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I have an optimization problem I want to solve. You have some kind of data-structure:

data Foo =
  { fooA :: Int
  , fooB :: Int
  , fooC :: Int
  , fooD :: Int
  , fooE :: Int
}

and a rating function:

rateFoo :: myFoo -> Int

I have to optimize the result of rateFoo by changing the values in the struct. In this specific case, I decided to use iterative deepening search to solve the problem. The (infinite) search tree for the best optimization is created by another function, which simply applies all possible changes recursivly to the tree:

fooTree :: Foo -> Tree

My searching function looks something like this:

optimize :: Int -> Foo -> Foo
optimize threshold foo = undefined

The question I had, before I start is this:

As the tree can be generated by the data at each point, is it possible to have only the parts of the tree generated, which are currently needed by the algorithm? Is it possible to have the memory freed and the tree regenerated if needed in order to save memory (A leave at level n can be generated in O(n) and n remains small, but not small enough to have the whole tree in memory over time)?

Is this something I can excpect from the runtime? Can the runtime unevaluate expressions (turn an evaluated expression into an unevaluated one)? Or what is the dirty hack I have to do for this?

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2  
If you think you need to unevaluate something, your algorithm design is wrong. –  jrockway Sep 21 '10 at 11:50
1  
The runtime does not unevaluate expressions. However, consider a zipper-like structure for your tree. Each node holds a value and a thunk representing down, up, etc. When you move to the next node, you can either move normally (placing the previous node value in the corresponding slot) or forgetfully (placing an expression which evaluates to the previous node in the right slot). Then you have control over how much "history" you hang on to. –  sclv Sep 21 '10 at 12:49
    
@slcv: Wrap this comment in an answer and I'm going to accept it. –  FUZxxl Sep 21 '10 at 13:21
    
Sure thing. By the way, however, I'd consider if it would be sufficient to project the data structure to a vector of doubles and use a standard numerical optimization technique such as some sort of generalized Newton. Depending on your rating function, it might even be susceptible to automatic differentiation :-) –  sclv Sep 21 '10 at 15:07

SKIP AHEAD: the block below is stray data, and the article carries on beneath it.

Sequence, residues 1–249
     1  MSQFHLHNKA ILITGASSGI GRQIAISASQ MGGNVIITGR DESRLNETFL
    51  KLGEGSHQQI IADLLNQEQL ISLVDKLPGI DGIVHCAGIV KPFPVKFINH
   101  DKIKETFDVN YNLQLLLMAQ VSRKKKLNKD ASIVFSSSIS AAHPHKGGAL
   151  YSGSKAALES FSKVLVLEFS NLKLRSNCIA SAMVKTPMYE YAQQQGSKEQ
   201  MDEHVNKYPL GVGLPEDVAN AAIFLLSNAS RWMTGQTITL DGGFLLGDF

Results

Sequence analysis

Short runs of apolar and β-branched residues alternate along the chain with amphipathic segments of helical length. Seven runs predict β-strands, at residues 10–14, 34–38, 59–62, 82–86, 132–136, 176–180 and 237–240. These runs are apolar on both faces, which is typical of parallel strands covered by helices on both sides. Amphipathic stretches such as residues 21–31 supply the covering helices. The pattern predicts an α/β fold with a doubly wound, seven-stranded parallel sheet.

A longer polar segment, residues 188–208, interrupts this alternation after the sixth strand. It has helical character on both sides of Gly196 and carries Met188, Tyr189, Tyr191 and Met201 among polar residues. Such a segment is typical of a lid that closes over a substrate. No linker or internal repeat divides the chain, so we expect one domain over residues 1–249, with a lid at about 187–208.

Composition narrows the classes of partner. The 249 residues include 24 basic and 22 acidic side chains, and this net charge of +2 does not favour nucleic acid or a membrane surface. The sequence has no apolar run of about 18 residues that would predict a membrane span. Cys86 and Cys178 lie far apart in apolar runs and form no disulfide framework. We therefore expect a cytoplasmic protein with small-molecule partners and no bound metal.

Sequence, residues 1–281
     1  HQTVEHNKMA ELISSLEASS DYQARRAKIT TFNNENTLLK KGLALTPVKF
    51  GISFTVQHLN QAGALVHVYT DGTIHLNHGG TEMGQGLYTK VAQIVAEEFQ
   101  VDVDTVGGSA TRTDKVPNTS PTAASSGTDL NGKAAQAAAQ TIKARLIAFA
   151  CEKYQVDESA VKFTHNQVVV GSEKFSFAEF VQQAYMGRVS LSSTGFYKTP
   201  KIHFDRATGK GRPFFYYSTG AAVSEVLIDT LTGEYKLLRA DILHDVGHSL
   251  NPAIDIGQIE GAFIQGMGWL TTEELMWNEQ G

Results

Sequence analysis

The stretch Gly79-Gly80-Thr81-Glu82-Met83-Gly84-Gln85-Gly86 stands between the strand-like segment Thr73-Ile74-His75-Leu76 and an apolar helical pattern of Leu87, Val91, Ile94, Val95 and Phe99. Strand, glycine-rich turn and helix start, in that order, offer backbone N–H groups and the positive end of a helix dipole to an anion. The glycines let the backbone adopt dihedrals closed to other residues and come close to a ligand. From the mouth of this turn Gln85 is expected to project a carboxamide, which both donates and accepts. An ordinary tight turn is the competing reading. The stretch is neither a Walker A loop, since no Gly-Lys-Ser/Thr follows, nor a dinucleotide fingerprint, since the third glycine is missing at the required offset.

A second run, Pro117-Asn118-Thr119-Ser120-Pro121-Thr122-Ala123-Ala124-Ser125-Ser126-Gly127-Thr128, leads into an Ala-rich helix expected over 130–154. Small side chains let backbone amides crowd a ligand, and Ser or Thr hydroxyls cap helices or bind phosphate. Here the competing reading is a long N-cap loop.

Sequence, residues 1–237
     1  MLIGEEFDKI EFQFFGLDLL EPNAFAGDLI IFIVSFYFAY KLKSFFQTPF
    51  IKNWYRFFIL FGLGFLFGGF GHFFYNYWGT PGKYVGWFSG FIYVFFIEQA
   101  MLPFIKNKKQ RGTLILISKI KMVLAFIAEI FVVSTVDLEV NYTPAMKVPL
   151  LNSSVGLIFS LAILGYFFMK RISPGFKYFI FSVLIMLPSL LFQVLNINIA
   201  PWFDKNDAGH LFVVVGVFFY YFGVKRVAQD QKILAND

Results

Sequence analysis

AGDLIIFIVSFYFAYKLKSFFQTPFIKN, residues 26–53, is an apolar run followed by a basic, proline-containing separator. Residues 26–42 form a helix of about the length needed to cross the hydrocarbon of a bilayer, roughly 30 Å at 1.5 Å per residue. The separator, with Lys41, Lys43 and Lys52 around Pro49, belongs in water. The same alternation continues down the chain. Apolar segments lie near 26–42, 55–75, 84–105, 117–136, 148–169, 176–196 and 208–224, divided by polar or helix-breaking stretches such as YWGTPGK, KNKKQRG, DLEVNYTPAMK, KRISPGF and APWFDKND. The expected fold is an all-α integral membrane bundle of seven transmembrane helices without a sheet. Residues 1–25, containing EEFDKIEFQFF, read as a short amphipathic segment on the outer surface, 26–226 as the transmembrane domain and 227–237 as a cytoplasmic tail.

1  
There appears to be a package to help with this, though rolling your own is possible, which I did for course work last year. –  Thomas M. DuBuisson Sep 21 '10 at 15:48

2 Answers 2

up vote 2 down vote accepted

Here's my advice:

  1. Just implement your algorithm in the most straightforward way possible.
  2. Profile.
  3. Optimize for speed or memory use if necessary.

I very quickly learned that I'm not smart and/or experienced enough to reason about what GHC will do or how garbage collection will work. Sometimes things that I'm sure will be disastrously memory-inefficient work smoothly the first time around, and–less often–things that seem simple require lots of fussing with strictness annotations, etc.

The Real World Haskell chapter on profiling and optimization is incredibly helpful once you get to steps 2 and 3.


For example, here's a very simple implementation of IDDFS, where f expands children, p is the search predicate, and x is the starting point.

search :: (a -> [a]) -> (a -> Bool) -> a -> Bool
search f p x = any (\d -> searchTo f p d x) [1..]
  where
    searchTo f p d x
      | d == 0    = False
      | p x       = True
      | otherwise = any (searchTo f p $ d - 1) (f x)

I tested by searching for "abbaaaaaacccaaaaabbaaccc" with children x = [x ++ "a", x ++ "bb", x ++ "ccc"] as f. It seems reasonably fast and requires very little memory (linear with the depth, I think). Why not try something like this first and then move to a more complicated data structure if it isn't good enough?

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The way I wanted to do (building a tree of all possible ways) is actually what seems to be "the most straightforward" I could do. The alternative is to work with local subtrees, but this could be a real mess. –  FUZxxl Sep 21 '10 at 13:23

The runtime does not unevaluate expressions.

There's a straightforward way to get what you want however.

Consider a zipper-like structure for your tree. Each node holds a value and a thunk representing down, up, etc. When you move to the next node, you can either move normally (placing the previous node value in the corresponding slot) or forgetfully (placing an expression which evaluates to the previous node in the right slot). Then you have control over how much "history" you hang on to.

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Can you expand on how you'd use a zipper to help with iteratively deepening search? I'm curious but I don't see it. –  Travis Brown Sep 21 '10 at 18:07
    
The zipper doesn't handle the logic of searching so much. Rather it just helps to capture which data is held on to and which data needs to be thrown out and regenerated on demand. –  sclv Sep 21 '10 at 19:04

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